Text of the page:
Manhattan's 60+ student clubs, organizations and honor societies take Jaspers from the floor of the New York Stock Exchange to the top of the George Washington Bridge.
With more than 60 active student clubs, organizations and honor societies on campus, there is no shortage of ways to learn outside of the traditional Manhattan College classroom.
Offered as both a class in the spring and an extracurricular activity in the fall, Model United Nations is a favorite among government and international studies majors, and students that span every school at the College.
Participants act as delegates for an assigned country, gaining an extensive knowledge of their nation’s role on the world stage. During both the fall conference in Washington, D.C., and the spring National Model UN Conference in New York City (which includes a visit to UN headquarters), students work hands-on with their peers to solve issues of war and peace, diplomacy, human rights, and economic and social development.
With abounding connections in its alumni network, the School of Business’ Economics and Finance Society often arranges behind-the-scenes tours of city landmarks such as the floor of the New York Stock Exchange, visits to powerhouse companies like Bloomberg L.P., and even exclusive meetings with big names in business such as the Honorable Janet L. Yellen, chair of the board of governors of the U.S. Federal Reserve System.
From touring the floor to rising high above the Hudson River, members of Chi Epsilon, the civil engineering honor society, have the opportunity to examine one of the city’s most impressive engineering marvels by climbing to the top of the George Washington Bridge — not a field trip for the faint of heart.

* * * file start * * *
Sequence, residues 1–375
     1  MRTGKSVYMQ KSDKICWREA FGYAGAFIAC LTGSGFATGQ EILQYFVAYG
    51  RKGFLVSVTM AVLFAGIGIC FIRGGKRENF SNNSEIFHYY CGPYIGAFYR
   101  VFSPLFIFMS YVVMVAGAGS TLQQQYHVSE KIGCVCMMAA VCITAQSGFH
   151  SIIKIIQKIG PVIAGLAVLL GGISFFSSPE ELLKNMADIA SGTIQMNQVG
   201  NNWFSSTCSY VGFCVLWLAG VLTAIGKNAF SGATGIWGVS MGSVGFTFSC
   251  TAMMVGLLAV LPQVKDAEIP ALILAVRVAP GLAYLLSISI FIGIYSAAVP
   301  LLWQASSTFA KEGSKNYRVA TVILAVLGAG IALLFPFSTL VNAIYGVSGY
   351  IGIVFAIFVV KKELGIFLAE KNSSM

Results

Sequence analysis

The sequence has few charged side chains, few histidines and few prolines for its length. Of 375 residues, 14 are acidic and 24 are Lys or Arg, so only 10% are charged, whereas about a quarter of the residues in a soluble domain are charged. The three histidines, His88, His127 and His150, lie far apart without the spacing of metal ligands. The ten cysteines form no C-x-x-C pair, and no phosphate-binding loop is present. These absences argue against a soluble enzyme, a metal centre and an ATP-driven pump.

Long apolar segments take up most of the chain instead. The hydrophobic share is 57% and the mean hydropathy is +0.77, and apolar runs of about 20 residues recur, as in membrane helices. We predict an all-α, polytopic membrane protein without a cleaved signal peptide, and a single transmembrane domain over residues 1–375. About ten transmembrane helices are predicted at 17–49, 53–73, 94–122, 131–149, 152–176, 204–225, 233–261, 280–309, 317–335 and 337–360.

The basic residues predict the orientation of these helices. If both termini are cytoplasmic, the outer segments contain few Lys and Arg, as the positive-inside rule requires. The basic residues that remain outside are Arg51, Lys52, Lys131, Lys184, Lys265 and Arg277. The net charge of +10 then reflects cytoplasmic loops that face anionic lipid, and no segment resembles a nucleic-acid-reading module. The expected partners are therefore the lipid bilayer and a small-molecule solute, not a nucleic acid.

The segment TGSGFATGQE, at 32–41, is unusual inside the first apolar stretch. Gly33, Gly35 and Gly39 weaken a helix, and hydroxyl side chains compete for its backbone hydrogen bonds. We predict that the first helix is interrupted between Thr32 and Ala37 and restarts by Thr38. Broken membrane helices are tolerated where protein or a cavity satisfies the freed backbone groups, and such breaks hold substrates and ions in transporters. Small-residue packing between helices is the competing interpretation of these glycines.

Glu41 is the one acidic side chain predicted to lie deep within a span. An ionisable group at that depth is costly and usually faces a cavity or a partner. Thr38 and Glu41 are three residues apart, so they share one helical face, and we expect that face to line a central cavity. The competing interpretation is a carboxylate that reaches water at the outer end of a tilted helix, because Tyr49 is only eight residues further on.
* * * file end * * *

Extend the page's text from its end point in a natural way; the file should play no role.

“What was amazing about this experience was that we got to see up close how a suspension bridge works as a structural system, how everything comes together,” says civil engineering student Stephanie Brown ’12, ’14. “You don’t get that kind of detailed explanation of how a structure works and loads are transferred in the classroom. You also got a unique view of the bridge from above — it was a once-in-a-lifetime experience.”
Beyond New York City, education honor society Kappa Delta Pi has taken students to places such as Namibia, Palestine and Turkey to experience new cultures and education systems around the world.
These trips often include the opportunity to visit a Lasallian school or community and practice teaching in a real classroom, sometimes where English is not the first language.
As one of the newest student organizations on campus, MEDLIFE (Medicine, Education and Development for Low-Income Families Everywhere) also incorporates a Lasallian angle into its core mission as a mobile clinic for impoverished and underserved communities.
Its name has attracted many pre-med and biology majors so far, but MEDLIFE is open to all students looking for a unique learning experience.
Biochemistry major Stephanie Nava ’14 looked into bringing a chapter of the club to campus after she participated in a MEDLIFE trip to Tanzania.
“I fell back in love with MEDLIFE when I went to Peru,” she says, of her most recent trip with six Manhattan College students during spring break. “It’s a learning experience, not a vacation, but you get to try all sorts of new things.”
Students have the opportunity to shadow doctors and dentists on-site and help by signing in patients, measuring their vital signs, passing off equipment and sharing good hygiene practices with the village. The second half of the trip is about serving the community in any way needed. In Peru, that meant building a cement staircase up the mountainside.
“You work with the people of the community and see how they live, and why the communities are in the conditions they’re in,” Nava adds. “It’s very humbling.”
MEDLIFE members at Manhattan have participated in trips to Ecuador and Peru, and as interest continues to grow, the group is working toward trips to Africa and India in the coming years.
Photos courtesy of Alexandra Natchev and Stephanie Nava